The first extract tells of a Masonin meeting which five of them attended in England. “They treated us as the guests of honor and certainly did show us a good time. During the course of the affair Hall, as spokesman of our gang, delivered himself of a most wonderful line of bunk, which was worth coming clear over here to listen to. I never knew it before, but as a bunk artist you will certainly have to give Hall the hand painted suspenders. He’s there!” When they left England the “whole town turned out to give us a send off and a big band preceded us to the depot. It was a real send off and went right to my heart.” The place where the No. 12 is stationed “is a large camp consisting of 5 base hospitals placed side by side. Everything is under canvas except suoh buildings as the mess hall and bathhouse. Now that we have arrived the British force will move out and we will run it instead. Of course the 4 hospitals adjoining will continue in British hands, for the present at least.” (There’s a chance for Sirs Henderson and Taylor, languishing at Ft. Sheridan with Unit No.9) “You have to fight for every blanket, bed, candle andmatch that you have. As _______ (censored) is in my tent and is so all-fired easy, I have to fight for his share too.” You will be interested to know the work assigned to the several “laws” in the unit. Bovard, Anderson, Clauson and McKenzie are orderlies in the medical wards; Hall, orderly in the heavy surgical ward; Myers, detailed to outdoor work, such as repairing paths and walks, and unloading trucks; Strickler has charge of the bathhouse (they call him Bathhouse John); “and what do you think Raugoff, with his bloody ideas, is doing? He is a mild mannered cook in the patients’ kitchen. There he helps (?) concoct dainty puddings which the rest of us never see. He is happy as a lark, and already shows signs of obesity.”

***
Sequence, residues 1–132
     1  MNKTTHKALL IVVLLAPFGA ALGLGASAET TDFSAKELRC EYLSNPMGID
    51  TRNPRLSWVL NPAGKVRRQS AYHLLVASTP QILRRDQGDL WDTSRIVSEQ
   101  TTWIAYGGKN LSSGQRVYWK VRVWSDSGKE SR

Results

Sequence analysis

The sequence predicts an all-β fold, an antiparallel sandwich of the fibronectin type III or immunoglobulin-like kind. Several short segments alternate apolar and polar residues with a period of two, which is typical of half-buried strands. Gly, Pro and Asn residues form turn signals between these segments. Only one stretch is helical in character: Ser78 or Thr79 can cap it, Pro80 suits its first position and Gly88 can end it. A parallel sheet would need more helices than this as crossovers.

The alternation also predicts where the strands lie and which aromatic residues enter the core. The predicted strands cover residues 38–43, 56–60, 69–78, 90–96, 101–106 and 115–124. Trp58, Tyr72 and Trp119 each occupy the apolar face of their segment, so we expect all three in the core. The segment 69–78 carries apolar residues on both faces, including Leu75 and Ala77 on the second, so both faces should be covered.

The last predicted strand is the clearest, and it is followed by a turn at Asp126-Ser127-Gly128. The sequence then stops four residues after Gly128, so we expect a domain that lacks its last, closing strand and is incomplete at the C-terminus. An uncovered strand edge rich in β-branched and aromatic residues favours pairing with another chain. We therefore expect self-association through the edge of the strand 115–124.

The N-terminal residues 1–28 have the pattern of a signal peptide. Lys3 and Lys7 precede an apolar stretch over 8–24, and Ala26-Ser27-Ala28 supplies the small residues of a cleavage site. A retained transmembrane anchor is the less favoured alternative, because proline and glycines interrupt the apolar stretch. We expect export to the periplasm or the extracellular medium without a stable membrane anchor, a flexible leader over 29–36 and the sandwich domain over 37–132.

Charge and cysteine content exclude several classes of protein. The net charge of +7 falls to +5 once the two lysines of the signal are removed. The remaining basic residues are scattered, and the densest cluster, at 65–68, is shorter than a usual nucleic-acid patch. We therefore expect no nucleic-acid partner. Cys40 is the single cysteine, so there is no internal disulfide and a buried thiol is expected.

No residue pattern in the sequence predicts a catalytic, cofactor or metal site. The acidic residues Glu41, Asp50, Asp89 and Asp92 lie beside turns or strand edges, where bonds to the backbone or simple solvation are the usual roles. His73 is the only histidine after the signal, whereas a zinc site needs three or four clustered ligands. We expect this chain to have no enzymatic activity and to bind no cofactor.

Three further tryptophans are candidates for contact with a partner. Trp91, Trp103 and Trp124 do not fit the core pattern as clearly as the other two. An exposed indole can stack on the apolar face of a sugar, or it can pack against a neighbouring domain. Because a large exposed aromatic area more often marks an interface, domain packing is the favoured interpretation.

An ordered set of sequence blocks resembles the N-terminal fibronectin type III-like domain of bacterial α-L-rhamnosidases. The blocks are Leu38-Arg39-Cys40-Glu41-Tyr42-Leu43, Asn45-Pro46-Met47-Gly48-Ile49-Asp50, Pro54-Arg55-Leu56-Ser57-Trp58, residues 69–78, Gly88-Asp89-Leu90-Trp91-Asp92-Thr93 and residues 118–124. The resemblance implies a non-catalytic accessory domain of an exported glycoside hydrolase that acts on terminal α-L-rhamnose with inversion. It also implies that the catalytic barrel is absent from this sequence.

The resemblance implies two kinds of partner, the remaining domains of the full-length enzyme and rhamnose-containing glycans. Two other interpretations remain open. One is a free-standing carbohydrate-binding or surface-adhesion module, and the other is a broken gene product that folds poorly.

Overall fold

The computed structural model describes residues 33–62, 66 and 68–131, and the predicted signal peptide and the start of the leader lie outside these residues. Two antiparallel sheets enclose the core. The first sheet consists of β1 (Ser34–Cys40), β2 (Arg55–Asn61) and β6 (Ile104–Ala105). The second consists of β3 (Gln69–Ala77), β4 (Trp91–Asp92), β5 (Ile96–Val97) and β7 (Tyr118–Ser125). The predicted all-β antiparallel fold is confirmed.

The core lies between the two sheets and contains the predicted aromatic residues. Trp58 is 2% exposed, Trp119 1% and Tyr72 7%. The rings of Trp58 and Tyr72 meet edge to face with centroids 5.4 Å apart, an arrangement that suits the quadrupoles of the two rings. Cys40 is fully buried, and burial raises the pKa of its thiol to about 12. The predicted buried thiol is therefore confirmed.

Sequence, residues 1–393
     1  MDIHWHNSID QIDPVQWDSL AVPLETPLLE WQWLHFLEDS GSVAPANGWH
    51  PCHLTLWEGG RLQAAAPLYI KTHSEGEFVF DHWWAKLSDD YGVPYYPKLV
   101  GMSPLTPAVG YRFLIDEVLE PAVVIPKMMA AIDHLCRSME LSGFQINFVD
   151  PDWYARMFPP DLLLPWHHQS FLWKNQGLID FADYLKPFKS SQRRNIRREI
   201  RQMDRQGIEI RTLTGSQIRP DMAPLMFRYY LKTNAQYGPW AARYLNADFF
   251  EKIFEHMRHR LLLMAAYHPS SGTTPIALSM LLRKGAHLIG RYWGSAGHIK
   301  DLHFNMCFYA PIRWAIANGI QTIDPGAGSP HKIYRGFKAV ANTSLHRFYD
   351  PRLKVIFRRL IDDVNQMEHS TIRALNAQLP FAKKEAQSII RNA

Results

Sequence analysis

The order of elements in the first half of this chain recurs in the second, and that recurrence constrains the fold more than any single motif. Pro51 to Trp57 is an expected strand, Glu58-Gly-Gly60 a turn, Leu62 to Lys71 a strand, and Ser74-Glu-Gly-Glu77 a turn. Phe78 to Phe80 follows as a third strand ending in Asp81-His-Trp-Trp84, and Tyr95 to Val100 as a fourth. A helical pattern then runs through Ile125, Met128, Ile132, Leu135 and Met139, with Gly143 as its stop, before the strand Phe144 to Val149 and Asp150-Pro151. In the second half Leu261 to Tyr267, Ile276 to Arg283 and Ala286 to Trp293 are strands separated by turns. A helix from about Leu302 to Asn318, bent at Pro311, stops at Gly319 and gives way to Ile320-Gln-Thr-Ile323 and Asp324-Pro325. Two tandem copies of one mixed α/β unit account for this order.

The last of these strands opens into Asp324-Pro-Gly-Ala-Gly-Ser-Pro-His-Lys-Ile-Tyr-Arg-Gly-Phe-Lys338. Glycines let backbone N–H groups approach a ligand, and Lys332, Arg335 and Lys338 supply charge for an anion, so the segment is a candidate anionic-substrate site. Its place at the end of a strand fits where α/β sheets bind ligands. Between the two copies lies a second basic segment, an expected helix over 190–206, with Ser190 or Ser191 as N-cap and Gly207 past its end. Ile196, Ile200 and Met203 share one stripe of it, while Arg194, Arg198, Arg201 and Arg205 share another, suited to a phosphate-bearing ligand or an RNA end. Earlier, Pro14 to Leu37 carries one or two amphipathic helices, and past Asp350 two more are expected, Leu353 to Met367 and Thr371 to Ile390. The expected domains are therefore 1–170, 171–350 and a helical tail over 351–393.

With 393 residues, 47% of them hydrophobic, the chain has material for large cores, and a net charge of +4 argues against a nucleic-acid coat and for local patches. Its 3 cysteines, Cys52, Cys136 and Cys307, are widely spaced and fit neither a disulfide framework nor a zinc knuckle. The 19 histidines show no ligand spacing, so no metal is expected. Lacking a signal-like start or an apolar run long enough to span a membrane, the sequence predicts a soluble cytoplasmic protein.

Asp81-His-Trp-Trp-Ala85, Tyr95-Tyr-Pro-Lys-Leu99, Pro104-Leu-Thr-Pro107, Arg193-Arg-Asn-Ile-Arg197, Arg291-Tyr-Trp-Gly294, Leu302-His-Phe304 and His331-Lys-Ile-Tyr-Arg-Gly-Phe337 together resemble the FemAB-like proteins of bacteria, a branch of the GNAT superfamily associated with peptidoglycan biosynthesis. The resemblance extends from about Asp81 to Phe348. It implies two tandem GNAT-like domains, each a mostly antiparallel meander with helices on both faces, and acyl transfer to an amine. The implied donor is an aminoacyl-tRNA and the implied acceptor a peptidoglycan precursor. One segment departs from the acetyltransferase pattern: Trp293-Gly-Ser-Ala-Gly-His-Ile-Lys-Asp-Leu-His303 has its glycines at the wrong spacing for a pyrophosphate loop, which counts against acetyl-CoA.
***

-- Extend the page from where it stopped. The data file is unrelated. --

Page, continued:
That’s all we’ll tell about you this time boys, but more later, By-the-way, how’s my friend Capt. Koch? Greet him for me, please.